Does China's sagging rent-a-bike market signal an end of road for bike-sharing firms?

Last Updated: Mon, Mar 11, 2019 17:05 hrs
Mobike (Image Courtesy: Mobike)

Singapore: There have been strong rumours that Mobike, one of the Chinese companies that pioneered dockless bike-sharing around the world is closing its international operations to focus on its home market.

Techcrunch reported that Mobike, once a start-up darling, is laying off its operations teams in Asia-Pacific including about 15 full-time employees, contract and third-party agency staff in Singapore,Malaysia, Thailand, India and Australia.

If the rumours are accurate, this could be the first step in a movethat may see Mobike eventually withdrawing its operations internationally and focusing on China.

Bike-sharing or cycle renting was started as a Peking University cycling club project in 2014 to focus on bicycle tourism. It eventually morphed into bike-sharing and Ofo was the company that was launched as a result with initial funding from a Peking University alumnus.

Although the name “bike-sharing” suggests that users are sharing their bicycles, it is the company that owns and rents the bicycle to users. Users usually pay a small deposit for the right to use the bicycle and hire the bike using a mobile app which scans a QR code on the bicycle to unlock it and make payment.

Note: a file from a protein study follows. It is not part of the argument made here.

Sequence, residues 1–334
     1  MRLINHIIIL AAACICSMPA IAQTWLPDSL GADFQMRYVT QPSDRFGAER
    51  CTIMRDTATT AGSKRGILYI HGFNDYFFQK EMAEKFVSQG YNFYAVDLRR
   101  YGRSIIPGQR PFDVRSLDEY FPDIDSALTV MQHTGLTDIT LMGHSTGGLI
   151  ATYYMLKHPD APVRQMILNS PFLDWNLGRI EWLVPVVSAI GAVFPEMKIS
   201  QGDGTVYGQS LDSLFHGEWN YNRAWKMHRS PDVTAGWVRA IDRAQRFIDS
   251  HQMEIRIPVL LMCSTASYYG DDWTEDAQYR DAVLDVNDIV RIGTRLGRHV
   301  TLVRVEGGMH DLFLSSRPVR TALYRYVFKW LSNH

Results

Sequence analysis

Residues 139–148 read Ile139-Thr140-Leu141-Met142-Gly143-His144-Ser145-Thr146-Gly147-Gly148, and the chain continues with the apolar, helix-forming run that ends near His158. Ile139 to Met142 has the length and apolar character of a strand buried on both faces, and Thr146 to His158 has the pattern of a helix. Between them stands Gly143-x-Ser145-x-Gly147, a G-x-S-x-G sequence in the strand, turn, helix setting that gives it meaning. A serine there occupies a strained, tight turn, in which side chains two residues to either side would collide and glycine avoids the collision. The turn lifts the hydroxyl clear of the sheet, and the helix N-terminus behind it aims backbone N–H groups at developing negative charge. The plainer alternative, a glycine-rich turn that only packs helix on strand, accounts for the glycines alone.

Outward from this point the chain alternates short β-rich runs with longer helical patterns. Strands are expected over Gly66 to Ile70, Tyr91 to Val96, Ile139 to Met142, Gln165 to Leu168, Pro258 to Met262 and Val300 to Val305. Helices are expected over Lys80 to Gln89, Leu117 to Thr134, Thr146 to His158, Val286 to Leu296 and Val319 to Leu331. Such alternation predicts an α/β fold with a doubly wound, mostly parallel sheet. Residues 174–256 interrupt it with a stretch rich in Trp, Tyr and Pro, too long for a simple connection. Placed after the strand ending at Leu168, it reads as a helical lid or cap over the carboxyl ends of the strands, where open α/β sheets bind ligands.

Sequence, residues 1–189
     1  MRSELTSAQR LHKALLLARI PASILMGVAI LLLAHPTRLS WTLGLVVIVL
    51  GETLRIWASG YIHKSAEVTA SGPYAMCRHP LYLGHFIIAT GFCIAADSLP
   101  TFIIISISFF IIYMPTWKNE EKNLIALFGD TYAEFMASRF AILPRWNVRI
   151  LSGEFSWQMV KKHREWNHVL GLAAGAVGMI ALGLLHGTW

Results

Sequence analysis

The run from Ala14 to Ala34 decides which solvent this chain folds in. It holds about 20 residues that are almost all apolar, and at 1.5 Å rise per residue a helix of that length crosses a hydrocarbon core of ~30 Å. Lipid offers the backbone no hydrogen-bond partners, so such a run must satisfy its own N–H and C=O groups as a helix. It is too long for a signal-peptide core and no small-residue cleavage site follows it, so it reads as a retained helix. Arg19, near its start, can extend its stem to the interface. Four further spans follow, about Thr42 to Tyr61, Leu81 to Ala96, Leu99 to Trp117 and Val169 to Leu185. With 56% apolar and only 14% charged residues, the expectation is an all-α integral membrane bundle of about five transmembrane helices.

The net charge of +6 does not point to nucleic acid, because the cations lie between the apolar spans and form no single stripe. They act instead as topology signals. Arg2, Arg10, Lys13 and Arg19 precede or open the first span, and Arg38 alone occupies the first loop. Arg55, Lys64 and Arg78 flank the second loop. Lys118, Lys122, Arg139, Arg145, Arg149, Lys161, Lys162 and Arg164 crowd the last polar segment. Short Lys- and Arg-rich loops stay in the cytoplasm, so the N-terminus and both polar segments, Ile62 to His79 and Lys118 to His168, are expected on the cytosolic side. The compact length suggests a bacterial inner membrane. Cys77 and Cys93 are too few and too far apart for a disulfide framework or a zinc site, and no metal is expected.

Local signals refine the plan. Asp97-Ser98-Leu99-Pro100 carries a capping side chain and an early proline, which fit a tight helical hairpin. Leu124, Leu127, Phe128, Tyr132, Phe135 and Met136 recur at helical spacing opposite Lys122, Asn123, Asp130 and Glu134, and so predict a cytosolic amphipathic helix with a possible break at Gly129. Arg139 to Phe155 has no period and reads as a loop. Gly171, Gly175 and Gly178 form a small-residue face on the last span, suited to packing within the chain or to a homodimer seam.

Payment is usually cashless via a mobile payment facilitator.

The bicycles are of simple construction and made cheaply using a steel frame without gears and solid puncture-proof tires. There is an internet-controlled lock as well as GPS locator built-in.

The concept behind this business was to solve the last mile problem faced by people commuting daily between their homes and public transport when this last mile is beyond comfortable walking distance. It also caters to longer rides in towns and cities which attracts a large number of tourists or people cyclingfor leisure.

Tencent-backed Mobike is not the first Chinese bike sharing company to enter India. Ofo was.